Unless it's testimony in a criminal case, or the perjury trap in front of a grand jury, or something they want to prosecute like lying on your tax form, the Federal government is in general lassiez faire about perjury, or even encouraging of it with their reluctance to prosecute, especially perjury committed by a so-called intellectual property holder.

Comment Re:My experiences in other companies and opinions. (Score 1) 169

In a manager I would find this particularly disturbing, because you should really be promoting managers based on leadership qualities, and shouting at your subordinates doesn't display leadership, it displays bullying.

Shouty managers were common for Baby Boomers and earlier. There's still a bit of that culture around, and I've had a few shouty managers over the years (mostly guys born before 1960, one born in the 60s). It's an effective way to deliver the emotional message that someone is underperforming and needs to change, when sometimes trying to connect rationally doesn't work. I'm glad it's now mostly faded from current management, but it's a valid approach for leadership (there's a reason drill sergeants and marine DIs shout a lot - it works).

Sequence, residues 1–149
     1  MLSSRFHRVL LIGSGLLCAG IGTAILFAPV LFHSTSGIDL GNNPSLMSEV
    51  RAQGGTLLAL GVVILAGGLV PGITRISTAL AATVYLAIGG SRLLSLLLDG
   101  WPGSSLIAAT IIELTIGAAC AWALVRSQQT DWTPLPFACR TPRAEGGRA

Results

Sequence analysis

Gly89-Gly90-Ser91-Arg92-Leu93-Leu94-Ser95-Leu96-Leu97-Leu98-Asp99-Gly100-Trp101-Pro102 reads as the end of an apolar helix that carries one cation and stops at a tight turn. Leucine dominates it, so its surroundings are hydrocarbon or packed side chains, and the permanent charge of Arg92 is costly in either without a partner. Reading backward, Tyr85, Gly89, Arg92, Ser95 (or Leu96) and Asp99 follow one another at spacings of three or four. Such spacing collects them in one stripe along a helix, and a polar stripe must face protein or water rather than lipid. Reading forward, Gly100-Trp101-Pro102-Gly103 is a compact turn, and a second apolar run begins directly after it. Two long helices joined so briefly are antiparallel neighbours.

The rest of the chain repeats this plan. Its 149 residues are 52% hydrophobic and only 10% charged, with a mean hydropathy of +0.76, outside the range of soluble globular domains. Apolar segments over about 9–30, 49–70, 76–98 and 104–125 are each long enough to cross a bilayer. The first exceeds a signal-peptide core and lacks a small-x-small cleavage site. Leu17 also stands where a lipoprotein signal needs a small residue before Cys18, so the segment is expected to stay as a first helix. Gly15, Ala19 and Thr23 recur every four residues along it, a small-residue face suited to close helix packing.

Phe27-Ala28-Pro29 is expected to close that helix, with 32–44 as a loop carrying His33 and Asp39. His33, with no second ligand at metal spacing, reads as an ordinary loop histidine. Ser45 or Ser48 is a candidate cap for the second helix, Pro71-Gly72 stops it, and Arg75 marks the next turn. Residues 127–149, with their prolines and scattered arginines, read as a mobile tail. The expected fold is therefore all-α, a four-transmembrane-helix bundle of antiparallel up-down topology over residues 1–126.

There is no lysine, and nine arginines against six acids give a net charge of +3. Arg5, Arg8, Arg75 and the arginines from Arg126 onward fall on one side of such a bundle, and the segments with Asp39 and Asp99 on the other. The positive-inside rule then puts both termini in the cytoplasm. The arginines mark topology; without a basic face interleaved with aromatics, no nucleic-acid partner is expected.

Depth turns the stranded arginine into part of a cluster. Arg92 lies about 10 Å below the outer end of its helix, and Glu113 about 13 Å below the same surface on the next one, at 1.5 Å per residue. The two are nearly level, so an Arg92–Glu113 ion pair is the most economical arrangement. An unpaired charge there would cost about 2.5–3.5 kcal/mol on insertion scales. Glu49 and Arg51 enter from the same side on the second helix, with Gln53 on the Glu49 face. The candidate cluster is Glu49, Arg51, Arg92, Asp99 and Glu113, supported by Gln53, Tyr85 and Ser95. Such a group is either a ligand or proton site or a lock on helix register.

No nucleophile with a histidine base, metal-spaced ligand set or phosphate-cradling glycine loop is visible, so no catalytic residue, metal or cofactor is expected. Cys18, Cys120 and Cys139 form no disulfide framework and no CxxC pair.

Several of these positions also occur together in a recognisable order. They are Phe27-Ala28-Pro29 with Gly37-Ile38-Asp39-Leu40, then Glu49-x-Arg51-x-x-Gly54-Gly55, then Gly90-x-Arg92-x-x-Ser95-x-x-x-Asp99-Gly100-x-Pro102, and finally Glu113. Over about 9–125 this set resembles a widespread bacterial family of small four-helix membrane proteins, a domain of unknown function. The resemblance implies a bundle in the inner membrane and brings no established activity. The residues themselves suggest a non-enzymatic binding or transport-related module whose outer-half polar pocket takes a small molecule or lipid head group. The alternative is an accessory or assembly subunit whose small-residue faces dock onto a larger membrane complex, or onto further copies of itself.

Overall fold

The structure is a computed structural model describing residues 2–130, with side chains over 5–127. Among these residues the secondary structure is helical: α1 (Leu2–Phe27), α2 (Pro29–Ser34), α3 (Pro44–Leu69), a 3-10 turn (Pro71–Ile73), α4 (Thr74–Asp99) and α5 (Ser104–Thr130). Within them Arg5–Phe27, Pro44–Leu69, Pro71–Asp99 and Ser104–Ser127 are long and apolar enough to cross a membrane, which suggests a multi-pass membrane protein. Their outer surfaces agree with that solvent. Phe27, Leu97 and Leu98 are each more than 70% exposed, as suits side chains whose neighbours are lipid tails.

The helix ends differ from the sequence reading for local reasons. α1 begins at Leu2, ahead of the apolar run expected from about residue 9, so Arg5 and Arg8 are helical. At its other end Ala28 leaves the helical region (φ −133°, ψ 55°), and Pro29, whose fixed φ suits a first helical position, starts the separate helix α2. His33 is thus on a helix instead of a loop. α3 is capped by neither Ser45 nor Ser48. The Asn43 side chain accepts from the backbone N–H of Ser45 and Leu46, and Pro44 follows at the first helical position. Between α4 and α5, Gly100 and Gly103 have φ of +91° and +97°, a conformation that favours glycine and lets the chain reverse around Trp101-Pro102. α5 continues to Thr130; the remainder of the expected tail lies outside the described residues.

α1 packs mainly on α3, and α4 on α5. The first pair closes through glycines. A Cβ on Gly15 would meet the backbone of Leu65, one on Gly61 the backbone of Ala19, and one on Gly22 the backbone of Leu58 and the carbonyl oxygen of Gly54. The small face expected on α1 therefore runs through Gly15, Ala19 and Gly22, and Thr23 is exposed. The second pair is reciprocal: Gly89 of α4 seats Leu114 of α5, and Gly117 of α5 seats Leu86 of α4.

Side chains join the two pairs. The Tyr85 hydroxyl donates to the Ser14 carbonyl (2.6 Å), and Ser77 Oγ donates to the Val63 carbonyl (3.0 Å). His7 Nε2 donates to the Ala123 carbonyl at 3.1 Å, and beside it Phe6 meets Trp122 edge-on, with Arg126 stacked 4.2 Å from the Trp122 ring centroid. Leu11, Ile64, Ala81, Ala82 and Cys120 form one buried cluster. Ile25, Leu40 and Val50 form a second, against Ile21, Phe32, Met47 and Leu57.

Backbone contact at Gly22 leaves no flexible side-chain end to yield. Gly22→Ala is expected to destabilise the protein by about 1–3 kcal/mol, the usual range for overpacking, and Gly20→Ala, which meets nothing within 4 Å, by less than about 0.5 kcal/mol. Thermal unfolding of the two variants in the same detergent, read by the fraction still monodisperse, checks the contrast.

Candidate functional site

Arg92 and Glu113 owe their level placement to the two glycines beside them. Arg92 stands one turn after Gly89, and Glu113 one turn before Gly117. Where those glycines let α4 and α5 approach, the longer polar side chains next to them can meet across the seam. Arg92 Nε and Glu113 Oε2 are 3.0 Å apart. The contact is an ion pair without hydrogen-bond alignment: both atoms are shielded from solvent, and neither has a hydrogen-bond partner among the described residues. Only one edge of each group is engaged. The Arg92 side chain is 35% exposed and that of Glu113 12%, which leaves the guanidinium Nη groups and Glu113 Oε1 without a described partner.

The better criticism is that it's unprofessional. We should all be fighting to increase the perceived professionalism of software development. I've seen so much dignity stripped from developers over the past 25 years, and it's bullshit and needs to reverse. We're professionals like doctors and lawyers (and in some countries, better paid than doctors or lawyers). Can you imagine a doctor or lawyer, past the early career years, who doesn't have an office? Who doesn't have assistants to do the shit work?

Comment Re:Maybe (Score 1) 182

The short of it, Jupiter moves things around; it's very good at scattering other bodies, even large ones. First it dragged outer populations into the inner solar system, then scattered inner solar system material out, and then on its retreat pulled outer solar system material back in. It's actually a very big deal that it did that, as it brought ice into the inner solar system.